Tag Archives: health insurance costs

employee perks are often the first thing to go. - AZ Business Magazine Jul/Aug 2010

Employees And Employers Are Reaping The Benefits Of Low-Cost Health And Wellness Perks

We’re in a time when it seems the only job benefit that matters is actually having a job. As employers look for ways to cut costs, employee perks are often the first thing to go. As a result, stress increases and morale declines.

However, many local employers are taking advantage of low or no-cost simple wellness programs and finding that they go a long way toward creating a positive culture within their companies. Allowing employees time during their day to escape and rejuvenate leads to a higher level of productivity, a less-stressed work force and improved overall morale in the workplace.

In a time when many people are now wearing more hats than ever — and putting in extra hours — wellness programs offer a very high return on investment. A healthier staff means fewer sick days, lower health insurance costs and increased productivity.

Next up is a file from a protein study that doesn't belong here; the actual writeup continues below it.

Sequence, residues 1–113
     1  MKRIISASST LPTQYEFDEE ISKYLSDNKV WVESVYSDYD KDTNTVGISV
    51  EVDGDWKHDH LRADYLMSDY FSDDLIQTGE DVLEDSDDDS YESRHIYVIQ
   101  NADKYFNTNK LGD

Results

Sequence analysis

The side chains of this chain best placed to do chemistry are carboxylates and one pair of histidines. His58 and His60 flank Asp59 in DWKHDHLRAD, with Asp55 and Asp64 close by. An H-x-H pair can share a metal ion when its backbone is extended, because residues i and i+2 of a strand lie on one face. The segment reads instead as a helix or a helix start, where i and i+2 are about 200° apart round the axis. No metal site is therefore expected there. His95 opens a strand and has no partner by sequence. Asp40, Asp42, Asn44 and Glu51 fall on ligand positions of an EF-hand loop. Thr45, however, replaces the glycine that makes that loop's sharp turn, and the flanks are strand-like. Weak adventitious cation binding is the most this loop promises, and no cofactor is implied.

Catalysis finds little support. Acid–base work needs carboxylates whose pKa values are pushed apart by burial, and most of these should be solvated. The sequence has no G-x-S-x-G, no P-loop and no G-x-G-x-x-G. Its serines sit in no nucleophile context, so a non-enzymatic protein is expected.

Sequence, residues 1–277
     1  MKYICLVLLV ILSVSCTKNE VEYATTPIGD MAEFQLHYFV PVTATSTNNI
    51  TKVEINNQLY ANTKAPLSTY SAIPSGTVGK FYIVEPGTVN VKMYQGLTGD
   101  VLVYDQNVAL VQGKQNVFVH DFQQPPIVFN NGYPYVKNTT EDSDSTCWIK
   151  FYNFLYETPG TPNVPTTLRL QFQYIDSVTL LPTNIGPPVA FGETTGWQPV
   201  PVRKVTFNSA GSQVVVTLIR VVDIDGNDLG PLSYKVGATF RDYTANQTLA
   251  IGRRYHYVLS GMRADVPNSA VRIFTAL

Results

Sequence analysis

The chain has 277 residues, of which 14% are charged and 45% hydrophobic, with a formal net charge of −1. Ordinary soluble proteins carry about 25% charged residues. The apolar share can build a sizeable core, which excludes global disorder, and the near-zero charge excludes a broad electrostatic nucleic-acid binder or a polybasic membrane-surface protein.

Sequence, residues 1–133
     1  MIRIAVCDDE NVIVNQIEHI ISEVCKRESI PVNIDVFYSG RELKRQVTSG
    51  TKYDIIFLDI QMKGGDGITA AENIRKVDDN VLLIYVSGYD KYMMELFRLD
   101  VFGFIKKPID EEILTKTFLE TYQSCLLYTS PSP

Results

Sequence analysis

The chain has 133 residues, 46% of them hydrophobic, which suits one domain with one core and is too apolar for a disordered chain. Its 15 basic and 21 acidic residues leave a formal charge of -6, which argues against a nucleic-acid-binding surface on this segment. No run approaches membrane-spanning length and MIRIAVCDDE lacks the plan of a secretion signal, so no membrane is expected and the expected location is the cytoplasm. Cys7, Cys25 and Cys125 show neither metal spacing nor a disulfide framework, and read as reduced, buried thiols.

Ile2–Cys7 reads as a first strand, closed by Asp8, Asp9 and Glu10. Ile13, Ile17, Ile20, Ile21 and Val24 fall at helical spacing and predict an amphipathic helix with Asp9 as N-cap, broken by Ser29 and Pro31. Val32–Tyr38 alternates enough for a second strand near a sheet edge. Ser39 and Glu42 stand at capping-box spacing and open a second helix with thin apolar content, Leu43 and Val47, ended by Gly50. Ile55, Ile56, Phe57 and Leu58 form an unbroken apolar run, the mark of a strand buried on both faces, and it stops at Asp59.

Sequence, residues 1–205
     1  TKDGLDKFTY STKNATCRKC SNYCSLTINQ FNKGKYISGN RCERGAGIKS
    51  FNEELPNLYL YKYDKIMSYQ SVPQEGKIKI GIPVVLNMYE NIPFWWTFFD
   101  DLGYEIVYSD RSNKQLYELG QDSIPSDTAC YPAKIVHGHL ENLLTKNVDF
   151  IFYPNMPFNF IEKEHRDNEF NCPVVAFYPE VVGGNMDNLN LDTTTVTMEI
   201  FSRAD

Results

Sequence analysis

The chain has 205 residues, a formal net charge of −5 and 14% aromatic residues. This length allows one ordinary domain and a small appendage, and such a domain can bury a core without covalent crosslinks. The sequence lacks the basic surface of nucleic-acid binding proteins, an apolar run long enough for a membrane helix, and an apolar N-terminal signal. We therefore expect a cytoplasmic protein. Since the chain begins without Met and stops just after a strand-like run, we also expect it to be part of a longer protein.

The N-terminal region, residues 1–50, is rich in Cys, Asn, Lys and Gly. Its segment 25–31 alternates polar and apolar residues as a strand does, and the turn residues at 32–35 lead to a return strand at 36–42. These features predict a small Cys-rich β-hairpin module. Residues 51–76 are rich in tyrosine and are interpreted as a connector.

At Shea Homes, on-site yoga is just one of the many low-cost ways the company uses to engage employees and encourage healthy behaviors. Mike McCormack, vice president of human resources for Shea Homes Active Lifestyles Communities, says some of the other programs the company offers include lunch-and-learn sessions, companywide 10,000-step contests, wellness teleseminars and holiday potlucks.

“It’s no secret that our industry has been particularly affected by the economy,” he says. “The little things we’re still able to offer have gone a long way in helping our employees feel appreciated. The positive feedback has been overwhelming and attendance has remained strong among both women and men. We see our wellness programs as having a lasting benefit at Shea Homes.”